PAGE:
Archive by category European House Plans

The Georgian House Plans Style

The Georgian House Plans Style

The Georgian style home is best described as being orderly and symmetrical, with a rectangular shape and formally symmetrical exteriors and interiors. Based upon the classical symmetry of the Renaissance, Georgian house plans became quite the rage in the New England and Southern colonies during the 18th century. The style has roots in both the classical architectural styles of ancient Greece and Rome and also the Italian renaissance style. English settlers in America were inspired by the elaborate Georgian style homes which were being built in the mother country, and tried to reproduce the lifestyle of the wealthy nobility back home. It became the dominant architectural style throughout the American colonies in the 18th century. While colonial homes in the Georgian style can be found in practically every old community on the U.S. East Coast, still Colonial Williamsburg is the most notable example (particularly the College of William and Mary’s President’s house, a stately brick mansion with perfect balance, symmetry and formality, which was finished in 1733 and has been home to all of the presidents of that university for three centuries).

In the southern colonies Georgian homes were constructed of brick; but as you move northward toward New England (where brick was not as common) wood frame construction dominates. These European home plans look quite formal: they are square and symmetrical in shape, with both exteriors and interiors arranged according to a strict proportion and symmetry. From the centrally-located front entrance, a hallway and staircase form an axis around which interior rooms are positioned. Often these homes have two chimneys above a medium pitch, side-gabled roof with pedimented dormers and dentil (tooth-like blocks) decorating the roof line along the eaves and a centered front door with pilasters – the flat, shallow columns found in Greek architecture – on each side. The central door is flanked by evenly-spaced double-hung windows; and they are invariably of two stories (one story homes in this style are referred to as Cape Cod style). There are traditionally five rectangular, evenly spaced windows across the facade of these homes. The windows are multi-paned, with nine or twelve panes in each sash and they have louvered shutters (particularly in the South) which welcome the breeze but provide shade from the sun. In the North paneled shutters are more common, to close tightly to protect the home from the harsh winds, snow, and sleet.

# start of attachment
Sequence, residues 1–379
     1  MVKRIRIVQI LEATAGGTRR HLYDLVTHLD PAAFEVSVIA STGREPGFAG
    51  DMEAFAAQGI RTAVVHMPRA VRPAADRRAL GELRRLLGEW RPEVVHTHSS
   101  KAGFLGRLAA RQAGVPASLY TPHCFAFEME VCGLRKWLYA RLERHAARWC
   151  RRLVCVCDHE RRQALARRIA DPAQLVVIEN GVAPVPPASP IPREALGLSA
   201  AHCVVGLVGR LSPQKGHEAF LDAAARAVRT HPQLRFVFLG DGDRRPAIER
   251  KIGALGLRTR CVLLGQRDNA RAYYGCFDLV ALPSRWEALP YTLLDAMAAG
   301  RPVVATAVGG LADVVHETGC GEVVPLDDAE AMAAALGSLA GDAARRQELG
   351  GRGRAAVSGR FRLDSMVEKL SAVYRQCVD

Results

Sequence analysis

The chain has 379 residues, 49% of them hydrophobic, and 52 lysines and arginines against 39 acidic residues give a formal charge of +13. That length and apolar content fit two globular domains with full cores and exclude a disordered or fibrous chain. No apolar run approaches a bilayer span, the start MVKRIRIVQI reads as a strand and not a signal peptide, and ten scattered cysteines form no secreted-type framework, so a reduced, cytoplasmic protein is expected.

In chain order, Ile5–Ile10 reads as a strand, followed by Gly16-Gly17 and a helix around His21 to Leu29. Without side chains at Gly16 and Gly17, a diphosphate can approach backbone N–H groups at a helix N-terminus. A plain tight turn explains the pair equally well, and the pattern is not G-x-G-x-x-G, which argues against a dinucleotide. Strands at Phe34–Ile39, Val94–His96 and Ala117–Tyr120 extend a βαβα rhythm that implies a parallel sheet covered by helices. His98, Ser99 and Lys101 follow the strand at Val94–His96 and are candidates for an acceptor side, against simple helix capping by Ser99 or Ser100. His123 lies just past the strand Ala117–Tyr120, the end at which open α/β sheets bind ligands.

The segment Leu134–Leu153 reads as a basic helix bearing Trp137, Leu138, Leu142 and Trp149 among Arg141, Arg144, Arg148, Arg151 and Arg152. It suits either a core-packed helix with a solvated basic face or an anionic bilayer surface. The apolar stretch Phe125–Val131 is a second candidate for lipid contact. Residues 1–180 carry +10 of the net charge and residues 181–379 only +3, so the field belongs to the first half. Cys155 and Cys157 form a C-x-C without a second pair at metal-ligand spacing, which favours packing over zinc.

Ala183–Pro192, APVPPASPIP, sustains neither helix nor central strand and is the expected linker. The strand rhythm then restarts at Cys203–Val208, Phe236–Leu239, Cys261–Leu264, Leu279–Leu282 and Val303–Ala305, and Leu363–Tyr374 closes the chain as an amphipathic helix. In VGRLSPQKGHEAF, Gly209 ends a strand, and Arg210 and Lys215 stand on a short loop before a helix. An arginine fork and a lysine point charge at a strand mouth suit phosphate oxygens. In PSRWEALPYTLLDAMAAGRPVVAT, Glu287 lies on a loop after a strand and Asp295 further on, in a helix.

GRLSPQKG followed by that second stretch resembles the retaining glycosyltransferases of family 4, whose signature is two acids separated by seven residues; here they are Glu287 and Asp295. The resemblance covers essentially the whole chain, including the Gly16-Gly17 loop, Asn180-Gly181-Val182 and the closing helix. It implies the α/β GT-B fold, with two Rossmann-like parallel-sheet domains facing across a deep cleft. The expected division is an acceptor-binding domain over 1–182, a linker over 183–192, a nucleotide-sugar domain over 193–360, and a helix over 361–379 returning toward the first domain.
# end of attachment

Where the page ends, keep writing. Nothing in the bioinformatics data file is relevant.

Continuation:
In considering building with Georgian country style house plans, it should be remembered that both brick and wood construction require maintenance. Wood clapboard which is not encased in vinyl siding always requires periodic painting or staining. Exteriors of masonry need much less maintenance, only requiring occasional tuck pointing. The multi-paned windows characteristic of this style are not particularly energy efficient. They must fit tightly and need to be reglazed now and then to keep the putty soft so that it seals well. The wood shake and slate roofs used in original Georgian style buildings were actually sounder than the asphalt shingles available today but all roofs require inspection and maintenance – even shake and slate.

Of all the European home plans brought by settlers to America, Georgian house plans are most typically “colonial American”. These formal, symmetrical country style house plans have always bespoken wealth for the leisure class.

Article Source:
http://EzineArticles.com/expert/Alice_Lane/108621

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Selecting House Plans: Popular Architectural Styles

Selecting House Plans: Popular Architectural Styles

American homes borrow styles from across the globe. Certain architectural themes, such as Cape Cod and ranch styles, were born in the U.S. Foreign lands inspired other styles, such as European, Mediterranean and Victorian. In this way, America is a melting pot of architectural styles. Whether you’re better suited to a ranch single-story or a bungalow Craftsman, home plans are available in a cornucopia of styles. Below, we’ve listed eight popular home styles to help you find the best theme for your family.